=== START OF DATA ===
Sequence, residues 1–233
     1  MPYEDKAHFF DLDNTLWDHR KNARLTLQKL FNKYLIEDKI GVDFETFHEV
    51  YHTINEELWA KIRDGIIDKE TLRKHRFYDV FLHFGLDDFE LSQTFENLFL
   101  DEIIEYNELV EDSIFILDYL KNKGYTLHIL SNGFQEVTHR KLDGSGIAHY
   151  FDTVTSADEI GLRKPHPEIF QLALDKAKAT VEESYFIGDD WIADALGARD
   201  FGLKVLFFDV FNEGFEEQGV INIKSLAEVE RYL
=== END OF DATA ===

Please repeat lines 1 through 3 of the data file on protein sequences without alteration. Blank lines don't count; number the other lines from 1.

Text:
Sequence, residues 1–233
     1  MPYEDKAHFF DLDNTLWDHR KNARLTLQKL FNKYLIEDKI GVDFETFHEV
    51  YHTINEELWA KIRDGIIDKE TLRKHRFYDV FLHFGLDDFE LSQTFENLFL